I am not sure that I would want to be a “show” animal! On one hand you have “show” dogs. They are creatures of comfort and pampering. Before they perform, they are bathed and groomed. They get manicures, massages and the best food available. Nothing is too good for “Poochie”! While they are performing they get little “treats” in between tricks! It’s no wonder they look so pleased and happy in the show ring, wagging their tails madly, jumping up and down just for “shear” enjoyment! They are happy and content. On the other hand there are “show” sheep. First of all their owners let their hair grow “long and shaggy” (the “sheep”, not the “human”). Grass and twigs pepper their matted hair. They are then, not looking their best, trucked off to the “show”. On arrival they are immediately herded from the truck into a group by none other than a “dog”! If one of them decides to be independent, some bossy “dog” starts nipping at its heels. But, my festival friends, this isn’t the worst of it! One by one they are split from the rest of the flock by, whom else, the “dog” and herded into a holding pen. From here the owner takes each one unceremoniously and thrusts it between his legs. Thus held, the “shearing” begins. The poor creature is twisted and turned until this once beautiful fluffy “bohemian” becomes a “scrawny hairless runt”! Where is the “dignity” you might well ask? There is no dignity, only “shear terror” After the shearing, the humiliation continues! Each is shepherded, by dog, back to the herd, there to describe to his friends his nakedness! The “dog”, when threw, runs back to his master, tail wagging and jumping for joy, knowing how much he is appreciated. It certainly proves the old saying “It’s a DOG’S LIFE”! However, I think I would rather be a sheep, who needs all that “pampering”!!!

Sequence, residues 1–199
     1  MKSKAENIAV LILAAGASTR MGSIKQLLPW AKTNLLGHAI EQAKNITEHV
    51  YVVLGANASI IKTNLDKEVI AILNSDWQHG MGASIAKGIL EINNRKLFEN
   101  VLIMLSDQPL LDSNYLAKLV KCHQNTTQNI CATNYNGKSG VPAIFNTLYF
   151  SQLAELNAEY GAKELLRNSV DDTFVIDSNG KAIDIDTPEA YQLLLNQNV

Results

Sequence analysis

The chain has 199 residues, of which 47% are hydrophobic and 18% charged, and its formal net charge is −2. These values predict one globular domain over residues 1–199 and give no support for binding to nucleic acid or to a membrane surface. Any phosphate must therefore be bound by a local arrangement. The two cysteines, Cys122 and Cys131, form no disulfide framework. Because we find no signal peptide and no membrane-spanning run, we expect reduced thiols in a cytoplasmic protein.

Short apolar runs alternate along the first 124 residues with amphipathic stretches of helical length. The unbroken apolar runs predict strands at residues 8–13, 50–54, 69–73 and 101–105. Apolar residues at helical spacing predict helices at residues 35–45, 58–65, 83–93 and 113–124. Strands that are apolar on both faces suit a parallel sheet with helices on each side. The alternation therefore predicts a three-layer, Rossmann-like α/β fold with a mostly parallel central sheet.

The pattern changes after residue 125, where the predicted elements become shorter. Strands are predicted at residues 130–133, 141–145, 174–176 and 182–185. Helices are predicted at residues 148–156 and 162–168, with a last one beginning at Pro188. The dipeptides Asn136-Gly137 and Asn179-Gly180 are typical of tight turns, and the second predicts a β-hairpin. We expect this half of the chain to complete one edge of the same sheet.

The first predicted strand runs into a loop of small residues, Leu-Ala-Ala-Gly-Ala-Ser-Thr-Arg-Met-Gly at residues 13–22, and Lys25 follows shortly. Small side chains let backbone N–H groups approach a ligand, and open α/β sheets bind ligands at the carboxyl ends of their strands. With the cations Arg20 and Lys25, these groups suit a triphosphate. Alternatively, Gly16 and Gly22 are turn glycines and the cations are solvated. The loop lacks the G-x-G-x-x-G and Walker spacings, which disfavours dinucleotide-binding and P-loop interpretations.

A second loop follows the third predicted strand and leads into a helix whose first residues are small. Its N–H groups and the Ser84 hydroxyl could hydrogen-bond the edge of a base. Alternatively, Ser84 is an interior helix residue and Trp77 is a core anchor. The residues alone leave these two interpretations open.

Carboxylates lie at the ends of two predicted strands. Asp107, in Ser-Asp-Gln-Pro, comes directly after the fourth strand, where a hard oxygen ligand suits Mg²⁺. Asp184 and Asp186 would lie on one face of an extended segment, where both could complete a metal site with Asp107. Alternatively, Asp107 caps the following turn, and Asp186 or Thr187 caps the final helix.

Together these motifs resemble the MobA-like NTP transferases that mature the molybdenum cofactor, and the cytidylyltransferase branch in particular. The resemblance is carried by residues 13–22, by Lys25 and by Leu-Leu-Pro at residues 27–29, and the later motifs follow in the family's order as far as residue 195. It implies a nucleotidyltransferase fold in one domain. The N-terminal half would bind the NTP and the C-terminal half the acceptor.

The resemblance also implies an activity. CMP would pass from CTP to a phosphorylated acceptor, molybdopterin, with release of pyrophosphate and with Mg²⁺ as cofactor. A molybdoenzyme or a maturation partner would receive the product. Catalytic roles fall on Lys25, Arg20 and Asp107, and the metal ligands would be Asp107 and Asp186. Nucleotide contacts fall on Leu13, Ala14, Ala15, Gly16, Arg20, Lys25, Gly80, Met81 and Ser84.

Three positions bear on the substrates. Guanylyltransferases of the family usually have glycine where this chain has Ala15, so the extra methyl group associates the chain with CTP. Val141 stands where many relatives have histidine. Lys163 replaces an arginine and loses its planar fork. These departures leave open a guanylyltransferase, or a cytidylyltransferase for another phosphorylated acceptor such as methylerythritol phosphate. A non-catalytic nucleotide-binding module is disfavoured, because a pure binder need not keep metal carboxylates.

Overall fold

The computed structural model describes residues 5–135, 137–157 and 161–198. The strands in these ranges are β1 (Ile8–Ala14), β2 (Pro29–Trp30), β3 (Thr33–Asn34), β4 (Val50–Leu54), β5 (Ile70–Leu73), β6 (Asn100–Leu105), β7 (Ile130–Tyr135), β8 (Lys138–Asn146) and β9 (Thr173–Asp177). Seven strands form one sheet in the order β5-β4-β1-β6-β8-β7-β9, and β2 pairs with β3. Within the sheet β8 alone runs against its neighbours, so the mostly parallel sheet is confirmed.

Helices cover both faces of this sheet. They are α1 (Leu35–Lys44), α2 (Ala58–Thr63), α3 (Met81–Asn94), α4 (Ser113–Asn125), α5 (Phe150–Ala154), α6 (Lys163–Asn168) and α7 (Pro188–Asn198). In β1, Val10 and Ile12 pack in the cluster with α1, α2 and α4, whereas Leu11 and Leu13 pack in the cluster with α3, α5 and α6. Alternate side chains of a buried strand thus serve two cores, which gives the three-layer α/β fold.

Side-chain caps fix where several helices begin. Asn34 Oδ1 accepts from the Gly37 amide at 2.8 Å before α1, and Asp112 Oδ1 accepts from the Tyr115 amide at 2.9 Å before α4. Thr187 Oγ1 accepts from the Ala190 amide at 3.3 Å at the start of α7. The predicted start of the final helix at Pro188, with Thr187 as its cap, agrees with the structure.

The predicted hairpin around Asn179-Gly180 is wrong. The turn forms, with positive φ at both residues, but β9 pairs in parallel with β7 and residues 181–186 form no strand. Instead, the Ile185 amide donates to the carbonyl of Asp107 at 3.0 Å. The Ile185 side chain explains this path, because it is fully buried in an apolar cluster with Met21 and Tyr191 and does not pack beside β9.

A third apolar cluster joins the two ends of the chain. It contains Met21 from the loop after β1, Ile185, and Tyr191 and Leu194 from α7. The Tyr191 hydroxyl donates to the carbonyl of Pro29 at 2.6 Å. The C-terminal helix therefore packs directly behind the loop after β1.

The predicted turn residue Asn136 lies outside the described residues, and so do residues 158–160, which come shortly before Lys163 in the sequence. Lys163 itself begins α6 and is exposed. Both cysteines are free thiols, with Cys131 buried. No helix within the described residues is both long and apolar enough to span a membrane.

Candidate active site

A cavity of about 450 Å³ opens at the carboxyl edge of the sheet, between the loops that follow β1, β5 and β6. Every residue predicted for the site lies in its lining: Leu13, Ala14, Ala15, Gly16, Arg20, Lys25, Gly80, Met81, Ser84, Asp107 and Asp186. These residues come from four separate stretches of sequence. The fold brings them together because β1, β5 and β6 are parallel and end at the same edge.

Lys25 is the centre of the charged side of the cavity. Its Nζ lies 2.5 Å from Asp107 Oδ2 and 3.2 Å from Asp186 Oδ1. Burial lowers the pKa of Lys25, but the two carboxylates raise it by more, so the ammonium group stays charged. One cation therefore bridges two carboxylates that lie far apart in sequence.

Wednesday, April 19, 2017
A few weeks ago “Daylight Savings Time” started. Like the conscientious “Festival Nomad” that I am, I changed the clock in my bedroom the night before. I wanted to make sure I got up in time to go to a Sunday festival! Judi and I were meeting some friends at the festival site and I wanted to be on time to meet them. That morning I woke up early (before the alarm went off) and went into my office to catch up on some paperwork. I kept a close watch on the clock in the office because I didn’t want to be late! At the appropriate time I showered, ate breakfast and packed my camera and notes. I was ready to go! Judi was also up, packed and ready to go! The trip to this festival would normally take 1 ½ hours, so to be on the safe side I gave us 2 hours to get there. So, off we go, lots of time to get there! It was a good thing too, because it had snowed the night before and the Highway was still snow covered in spots and quite slippery. By the time we had reached Whitby the road was clearing so we were able to safely go a little faster. Still plenty of time to get there! When I am getting closer to Toronto I like to turn on 680 News Radio to check the traffic reports. At 10 after the hour the report started and the announcer told us that the time was 11:10 am. I looked at the car radio and my wristwatch. Both said 10:10 am. IMPOSSIBLE!!! Then it hit. I had changed to clock in my bedroom, but none of the others!! I was going to be late! We were meeting them at 11:30 am and we were still ¾ of an hour away. In a panic I picked up my cell phone and dialed my friend’s number. I wanted to tell him we would be late and to apologize to him and his family! He laughed and said “Oh don’t worry, we were a bit delayed (3 young children) and got a late start. We are just leaving now!” “GRRR” I said under my breath and told him I would meet them at the festival. We arrived at the festival just minutes apart! So much for punctuality and guilty feelings!!!